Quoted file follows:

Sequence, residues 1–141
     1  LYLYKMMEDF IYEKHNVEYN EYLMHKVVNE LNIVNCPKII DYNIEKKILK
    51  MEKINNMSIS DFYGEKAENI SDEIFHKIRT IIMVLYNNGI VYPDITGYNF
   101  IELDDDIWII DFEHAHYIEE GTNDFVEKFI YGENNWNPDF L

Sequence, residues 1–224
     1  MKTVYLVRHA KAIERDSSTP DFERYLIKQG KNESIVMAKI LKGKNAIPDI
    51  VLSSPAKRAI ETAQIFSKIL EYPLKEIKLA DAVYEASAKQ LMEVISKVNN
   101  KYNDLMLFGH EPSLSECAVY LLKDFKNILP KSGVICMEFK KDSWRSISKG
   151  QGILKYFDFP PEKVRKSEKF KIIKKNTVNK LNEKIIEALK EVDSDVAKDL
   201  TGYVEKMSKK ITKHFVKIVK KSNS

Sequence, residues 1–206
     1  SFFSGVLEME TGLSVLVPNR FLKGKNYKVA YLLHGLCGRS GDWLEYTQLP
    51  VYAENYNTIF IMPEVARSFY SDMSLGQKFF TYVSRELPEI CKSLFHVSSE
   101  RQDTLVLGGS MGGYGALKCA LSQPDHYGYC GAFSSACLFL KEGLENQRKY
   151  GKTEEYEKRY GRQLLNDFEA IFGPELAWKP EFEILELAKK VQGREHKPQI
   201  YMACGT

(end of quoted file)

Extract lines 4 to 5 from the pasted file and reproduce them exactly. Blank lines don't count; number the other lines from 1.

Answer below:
   101  IELDDDIWII DFEHAHYIEE GTNDFVEKFI YGENNWNPDF L

Sequence, residues 1–224